Uzbek Rights Activists Entangled in Lawsuits

Uzbek Rights Activists Entangled in Lawsuits

A spate of court cases brought against human rights activists in Uzbekistan looks like a concerted attempt to sideline them.

On August 3, Surat Ikramov, head of the Initiative Group of Independent Human Rights Defenders of Uzbekistan, appeared in a civil court to answer defamation charges.

The plaintiff is Atanazar Khudoibergenov, the husband of a woman who worked as a nanny for Dilnura Qodirjonova, a prominent Uzbek singer who died in 2007. Ikramov has been acting for the late singers’ parents, who dispute the official story that she committed suicide.

The lawsuit centres on a statement published by Ikramov in 2008, which Khudoiberdiev claims was offensive and damaging to him, although it does not mention him.

The statement said the cause of Qodirjonova’s death remained unclear, and questioned a decision to grant custody of her daughters to the nanny rather than to her parents.

Ikramov believes the Uzbek government has engineered the lawsuit as a way of getting at him indirectly.

“There’s a third party behind the lawsuit, individuals from the interior ministry,” Ikramov said. “I am certain they are hoping the legal action will kill two birds with one stone – deflect attention from the murder of Dilnura Qodirjonova, and intimidate me and other human rights defenders in Uzbekistan.”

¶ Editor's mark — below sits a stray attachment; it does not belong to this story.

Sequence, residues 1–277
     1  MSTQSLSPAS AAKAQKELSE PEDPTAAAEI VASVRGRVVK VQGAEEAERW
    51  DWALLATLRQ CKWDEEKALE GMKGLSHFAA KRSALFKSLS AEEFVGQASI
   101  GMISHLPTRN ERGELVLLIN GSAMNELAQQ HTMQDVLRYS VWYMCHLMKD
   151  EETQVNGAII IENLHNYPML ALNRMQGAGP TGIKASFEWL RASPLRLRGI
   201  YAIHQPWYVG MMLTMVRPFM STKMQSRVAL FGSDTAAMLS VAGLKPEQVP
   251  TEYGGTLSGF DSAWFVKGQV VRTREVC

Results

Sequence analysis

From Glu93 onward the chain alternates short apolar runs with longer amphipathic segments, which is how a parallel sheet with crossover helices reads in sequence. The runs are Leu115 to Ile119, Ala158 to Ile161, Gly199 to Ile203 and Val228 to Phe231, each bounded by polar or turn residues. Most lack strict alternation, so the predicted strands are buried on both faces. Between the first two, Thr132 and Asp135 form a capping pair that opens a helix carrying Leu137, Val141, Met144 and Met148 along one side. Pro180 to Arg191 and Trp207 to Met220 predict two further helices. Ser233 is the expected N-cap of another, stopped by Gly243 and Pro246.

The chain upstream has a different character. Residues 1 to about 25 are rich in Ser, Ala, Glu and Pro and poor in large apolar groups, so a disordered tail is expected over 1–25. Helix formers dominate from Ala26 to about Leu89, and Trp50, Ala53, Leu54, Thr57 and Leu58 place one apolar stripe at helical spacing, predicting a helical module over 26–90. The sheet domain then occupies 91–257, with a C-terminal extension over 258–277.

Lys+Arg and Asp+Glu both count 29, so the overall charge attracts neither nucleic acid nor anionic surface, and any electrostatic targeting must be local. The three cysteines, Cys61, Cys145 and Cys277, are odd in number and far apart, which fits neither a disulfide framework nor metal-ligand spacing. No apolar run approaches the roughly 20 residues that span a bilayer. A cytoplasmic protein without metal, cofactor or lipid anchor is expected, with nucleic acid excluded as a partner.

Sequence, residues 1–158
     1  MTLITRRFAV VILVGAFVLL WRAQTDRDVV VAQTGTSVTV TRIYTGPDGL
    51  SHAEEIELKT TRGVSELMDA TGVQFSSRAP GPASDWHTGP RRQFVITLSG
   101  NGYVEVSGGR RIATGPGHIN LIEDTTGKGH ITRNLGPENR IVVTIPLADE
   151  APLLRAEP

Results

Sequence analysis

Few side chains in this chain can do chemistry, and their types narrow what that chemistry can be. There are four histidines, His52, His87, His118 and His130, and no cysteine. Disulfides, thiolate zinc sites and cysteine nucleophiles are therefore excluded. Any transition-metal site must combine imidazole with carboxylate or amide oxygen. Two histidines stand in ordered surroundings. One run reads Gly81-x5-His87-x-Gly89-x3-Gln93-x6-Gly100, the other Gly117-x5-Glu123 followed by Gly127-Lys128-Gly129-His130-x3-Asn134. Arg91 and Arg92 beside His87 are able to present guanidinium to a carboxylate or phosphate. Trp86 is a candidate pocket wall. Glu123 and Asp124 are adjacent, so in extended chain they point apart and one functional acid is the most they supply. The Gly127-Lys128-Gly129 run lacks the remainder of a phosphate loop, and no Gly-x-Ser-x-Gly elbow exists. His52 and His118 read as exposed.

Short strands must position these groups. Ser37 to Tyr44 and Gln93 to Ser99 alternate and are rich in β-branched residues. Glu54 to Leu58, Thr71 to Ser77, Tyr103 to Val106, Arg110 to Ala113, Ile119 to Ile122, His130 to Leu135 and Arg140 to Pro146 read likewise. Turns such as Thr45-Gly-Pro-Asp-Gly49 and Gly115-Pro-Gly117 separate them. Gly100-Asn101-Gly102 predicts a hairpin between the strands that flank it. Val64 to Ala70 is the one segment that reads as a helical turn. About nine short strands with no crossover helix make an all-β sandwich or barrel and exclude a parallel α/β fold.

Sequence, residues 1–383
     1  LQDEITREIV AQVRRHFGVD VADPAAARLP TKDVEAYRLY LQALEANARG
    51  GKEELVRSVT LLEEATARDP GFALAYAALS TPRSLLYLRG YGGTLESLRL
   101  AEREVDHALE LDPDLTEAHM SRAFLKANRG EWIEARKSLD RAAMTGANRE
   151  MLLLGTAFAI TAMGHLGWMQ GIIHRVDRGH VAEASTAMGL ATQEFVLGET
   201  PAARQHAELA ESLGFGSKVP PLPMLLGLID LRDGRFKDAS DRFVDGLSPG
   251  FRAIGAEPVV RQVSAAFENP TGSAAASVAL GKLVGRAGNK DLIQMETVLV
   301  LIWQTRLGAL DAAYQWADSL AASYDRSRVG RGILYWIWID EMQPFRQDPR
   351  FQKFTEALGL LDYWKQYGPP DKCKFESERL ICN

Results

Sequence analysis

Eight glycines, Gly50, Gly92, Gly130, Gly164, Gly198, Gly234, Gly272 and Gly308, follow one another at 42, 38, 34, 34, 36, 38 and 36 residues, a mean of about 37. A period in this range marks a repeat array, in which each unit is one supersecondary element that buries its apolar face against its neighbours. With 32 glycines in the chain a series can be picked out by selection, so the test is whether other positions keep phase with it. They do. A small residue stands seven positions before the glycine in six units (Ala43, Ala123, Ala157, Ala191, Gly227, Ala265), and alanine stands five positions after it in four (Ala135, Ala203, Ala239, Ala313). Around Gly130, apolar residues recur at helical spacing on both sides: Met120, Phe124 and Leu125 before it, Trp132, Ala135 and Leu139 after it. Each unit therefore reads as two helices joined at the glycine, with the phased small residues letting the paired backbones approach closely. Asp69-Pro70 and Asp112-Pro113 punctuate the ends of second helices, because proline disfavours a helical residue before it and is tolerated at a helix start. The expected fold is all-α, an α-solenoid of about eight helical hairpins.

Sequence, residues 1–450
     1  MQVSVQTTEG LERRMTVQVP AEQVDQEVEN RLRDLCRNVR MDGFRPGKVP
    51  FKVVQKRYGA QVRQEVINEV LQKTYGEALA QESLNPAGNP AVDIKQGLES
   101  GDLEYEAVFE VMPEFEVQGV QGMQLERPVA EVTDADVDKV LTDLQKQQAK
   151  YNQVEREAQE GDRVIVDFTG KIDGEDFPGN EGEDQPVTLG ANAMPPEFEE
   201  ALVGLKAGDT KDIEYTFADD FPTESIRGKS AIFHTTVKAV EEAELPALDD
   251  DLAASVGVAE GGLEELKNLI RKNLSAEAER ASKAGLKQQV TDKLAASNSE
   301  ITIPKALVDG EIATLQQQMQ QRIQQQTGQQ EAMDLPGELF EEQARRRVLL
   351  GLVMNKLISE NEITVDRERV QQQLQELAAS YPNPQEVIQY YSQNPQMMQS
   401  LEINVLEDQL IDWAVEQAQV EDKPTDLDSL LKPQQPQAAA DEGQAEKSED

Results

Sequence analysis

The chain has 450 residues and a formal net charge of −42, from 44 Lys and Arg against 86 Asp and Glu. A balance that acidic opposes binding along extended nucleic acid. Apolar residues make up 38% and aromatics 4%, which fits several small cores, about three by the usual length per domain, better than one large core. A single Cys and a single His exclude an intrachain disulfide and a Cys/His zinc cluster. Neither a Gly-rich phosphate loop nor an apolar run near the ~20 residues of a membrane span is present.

Another rights defender in Tashkent, Anatoly Volkov, is facing prosecution under criminal law, in a case brought by a pensioner who alleges that he failed to defend him in court despite receiving payment to do so.

Volkov is accused of fraud, but has been denied access to the documents brought in evidence.

Like Ikramov, he believes the government has pressured the plaintiff into bringing the action instead of seeking an out-of-court settlement.

Other human rights defenders say the two lawsuits are politically motivated.

“The law-enforcement agencies are settling accounts with human rights activists,” Vladimir Husainov of the Human Rights Alliance said.

Rights defenders have continued working despite the repressive climate of surveillance, arrests and intimidation, and this is a source of irritation for the authorities.

According to one activist who asked to remain anonymous, the authorities have issued secret instructions to “decapitate” the human rights movement.

“Many of Ikramov’s and Volkov’s colleagues have paid for their work with their liberty,” he said, adding that Solijon Abdurahmonov, Azam Turghunov, and Aghzam Farmonov have been imprisoned on politically motivated charges.

“This process will lead to a situation where we’ll all either end up in prison or halt our human rights activities.”

This article was produced as part of IWPR’s News Briefing Central Asia output, funded by the National Endowment for Democracy.

Uzbekistan
Human rights
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